If I knew one thing for sure, my vision was not normal. Now, I’ve never had normal vision in my lifetime, but this change in my vision was not typical even for my case. Everything was overly bright around me, and at the corner of my eye, I saw a distorted, shimmery spot that moved as my eyes tracked back and forth. I comforted myself with the assurance that I wasn’t seeing floaters or bright flashes of light; those symptoms would have denoted something really serious. But even so, I was concerned because it just didn’t seem right.
I’ll be honest and say that I’m not the most positive when it comes to unexpected situations like this. I immediately went to the worst case scenarios. What if it was my glaucoma pressure, sky-rocketing out of control at very high levels? What if I had a torn retina or my retina was even detached? I would surely lose my vsion. What would I do then?
Now, I’ve faced allergies, lost my voice, and had trouble breathing. All of that was terrifying and brought a great deal of stress. At times, I wondered how I would react should I ever be faced with losing my vision. I would often think that surely I could handle such an ordeal. I had already gone through most of my life with limited vision, so I figured I would have no trouble adapting to any change in my sight. But as I contemplated the worst case scenario, I found myself back-tracking. No, I couldn’t lose my vision! That would be the worst thing that could happen! I didn’t want to lose my independence. I had come too far to be forced to start all over again.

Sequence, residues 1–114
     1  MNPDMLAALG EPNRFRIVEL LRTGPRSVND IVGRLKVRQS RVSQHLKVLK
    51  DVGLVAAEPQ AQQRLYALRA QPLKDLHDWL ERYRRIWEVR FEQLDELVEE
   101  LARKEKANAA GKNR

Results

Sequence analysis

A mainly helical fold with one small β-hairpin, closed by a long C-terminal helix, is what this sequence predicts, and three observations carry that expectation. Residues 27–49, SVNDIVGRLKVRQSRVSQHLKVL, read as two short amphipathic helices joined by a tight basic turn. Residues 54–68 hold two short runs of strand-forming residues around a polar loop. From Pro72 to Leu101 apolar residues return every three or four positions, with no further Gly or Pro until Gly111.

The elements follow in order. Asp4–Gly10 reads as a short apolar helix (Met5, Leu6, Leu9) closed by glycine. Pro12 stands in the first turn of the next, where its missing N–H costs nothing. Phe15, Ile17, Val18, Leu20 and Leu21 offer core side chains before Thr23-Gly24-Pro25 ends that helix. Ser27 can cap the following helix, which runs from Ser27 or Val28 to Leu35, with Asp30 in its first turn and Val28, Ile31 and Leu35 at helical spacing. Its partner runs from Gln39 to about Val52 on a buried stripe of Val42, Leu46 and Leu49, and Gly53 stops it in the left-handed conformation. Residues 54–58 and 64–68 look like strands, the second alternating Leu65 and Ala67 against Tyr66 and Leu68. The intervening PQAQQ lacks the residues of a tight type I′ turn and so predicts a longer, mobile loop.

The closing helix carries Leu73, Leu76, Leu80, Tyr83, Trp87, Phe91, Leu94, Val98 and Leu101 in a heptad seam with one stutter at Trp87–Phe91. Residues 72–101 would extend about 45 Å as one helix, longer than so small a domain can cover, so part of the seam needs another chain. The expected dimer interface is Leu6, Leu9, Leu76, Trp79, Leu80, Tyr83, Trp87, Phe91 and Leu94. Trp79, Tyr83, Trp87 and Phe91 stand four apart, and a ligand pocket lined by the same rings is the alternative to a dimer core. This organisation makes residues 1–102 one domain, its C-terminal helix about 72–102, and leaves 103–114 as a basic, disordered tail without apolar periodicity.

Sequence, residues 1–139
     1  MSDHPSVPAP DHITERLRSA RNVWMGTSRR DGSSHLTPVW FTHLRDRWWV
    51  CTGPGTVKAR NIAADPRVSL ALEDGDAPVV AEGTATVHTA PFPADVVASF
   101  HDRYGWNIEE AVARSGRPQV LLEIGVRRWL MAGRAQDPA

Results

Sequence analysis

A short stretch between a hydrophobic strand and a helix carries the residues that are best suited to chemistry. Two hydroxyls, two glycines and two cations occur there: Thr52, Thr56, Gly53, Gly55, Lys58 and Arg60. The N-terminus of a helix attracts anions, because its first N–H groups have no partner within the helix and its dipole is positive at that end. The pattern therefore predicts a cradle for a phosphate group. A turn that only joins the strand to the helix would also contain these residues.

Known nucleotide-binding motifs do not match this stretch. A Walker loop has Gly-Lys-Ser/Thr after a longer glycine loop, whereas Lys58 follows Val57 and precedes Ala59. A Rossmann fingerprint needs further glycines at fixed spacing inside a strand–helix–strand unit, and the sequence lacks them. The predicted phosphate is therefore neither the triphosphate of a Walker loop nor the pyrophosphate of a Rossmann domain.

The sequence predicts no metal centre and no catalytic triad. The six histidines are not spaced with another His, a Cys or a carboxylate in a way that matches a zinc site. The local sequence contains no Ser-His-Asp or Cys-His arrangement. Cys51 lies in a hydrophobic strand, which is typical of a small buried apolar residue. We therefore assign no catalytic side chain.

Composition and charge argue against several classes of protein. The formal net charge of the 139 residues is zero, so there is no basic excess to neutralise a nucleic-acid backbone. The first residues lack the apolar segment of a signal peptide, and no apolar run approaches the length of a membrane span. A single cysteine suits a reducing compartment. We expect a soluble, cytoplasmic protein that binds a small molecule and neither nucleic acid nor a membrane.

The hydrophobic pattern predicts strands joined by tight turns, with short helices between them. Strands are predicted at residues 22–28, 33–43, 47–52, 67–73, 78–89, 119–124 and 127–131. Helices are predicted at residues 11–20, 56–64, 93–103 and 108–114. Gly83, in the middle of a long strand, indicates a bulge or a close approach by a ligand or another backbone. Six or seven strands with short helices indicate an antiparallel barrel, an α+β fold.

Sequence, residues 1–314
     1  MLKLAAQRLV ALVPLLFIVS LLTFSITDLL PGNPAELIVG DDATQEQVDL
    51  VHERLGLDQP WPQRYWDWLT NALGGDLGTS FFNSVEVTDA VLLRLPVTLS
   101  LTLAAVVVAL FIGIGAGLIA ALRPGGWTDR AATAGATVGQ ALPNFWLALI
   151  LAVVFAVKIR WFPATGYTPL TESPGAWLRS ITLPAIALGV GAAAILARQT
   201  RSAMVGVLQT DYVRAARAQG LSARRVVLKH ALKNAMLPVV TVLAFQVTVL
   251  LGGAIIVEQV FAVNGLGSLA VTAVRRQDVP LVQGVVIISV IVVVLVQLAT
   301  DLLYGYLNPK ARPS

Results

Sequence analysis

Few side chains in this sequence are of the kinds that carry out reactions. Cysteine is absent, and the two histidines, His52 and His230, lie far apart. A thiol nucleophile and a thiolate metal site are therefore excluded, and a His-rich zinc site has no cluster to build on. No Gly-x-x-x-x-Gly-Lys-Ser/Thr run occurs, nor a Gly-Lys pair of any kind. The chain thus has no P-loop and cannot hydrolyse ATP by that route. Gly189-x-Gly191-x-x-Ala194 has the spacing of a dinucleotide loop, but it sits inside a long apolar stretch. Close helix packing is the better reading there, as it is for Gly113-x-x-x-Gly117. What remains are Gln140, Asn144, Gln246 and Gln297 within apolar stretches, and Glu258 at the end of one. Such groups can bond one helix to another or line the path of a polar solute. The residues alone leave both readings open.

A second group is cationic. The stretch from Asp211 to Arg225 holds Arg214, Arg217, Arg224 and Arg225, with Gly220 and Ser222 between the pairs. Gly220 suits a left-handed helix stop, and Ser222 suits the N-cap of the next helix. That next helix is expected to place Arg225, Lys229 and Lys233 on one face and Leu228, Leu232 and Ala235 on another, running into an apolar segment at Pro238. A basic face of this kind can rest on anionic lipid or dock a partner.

I had to go to the doctor to konw what I was up against. I made an emergency appointment with my glaucoma doctor and was soon on my way to Mayo. Upon examing my eyes, the doctor concluded that he had found nothing significant; there was no obvious reason why my eye was distorted in vision and so light sensitive. He concluded that perhaps I had dry-eye and needed to take some drops to alleviate my symptoms.
“What?!” I thought to myself. “I came all this way for you to tell me I just have dry-eye? You mean to tell me that there’s nothing more serious going on? Check again! Surely you’ll find something you didn’t catch before!”
Of course, I didn’t say any of this out loud, but my thoughts were out of control. Instead of hearing the good news from the doctor that there was nothing serious going on, I instead focused on the negative. The symptoms were still there and I had no relief. It was hard for me to contemplate leaving the exam room without getting a clear answer. “You have severe dry-eye” was not good enough for me; I wanted something more definitive.
To my horror, I felt the tears building up at the back of my eyes, and I held my breath to stave off the storm of emotion I know was bubbling up inside of me. My mother was in the exam room with me, and she asked if I was okay. I tried to talk but no sound came out. Instead, I gasped— the sudden intake of air causing me to convulse in full-fledged panic. My breathing was rapid and irregular, punctuated by painful gasps that made me jerk almost involentarily. I was a wreck, and the doctor, the tech, and my mother could see that. To set my mind at ease, they scheduled me for an ultrasound, hoping that the results would prove there was nothing going on in my eye that would warrant concern.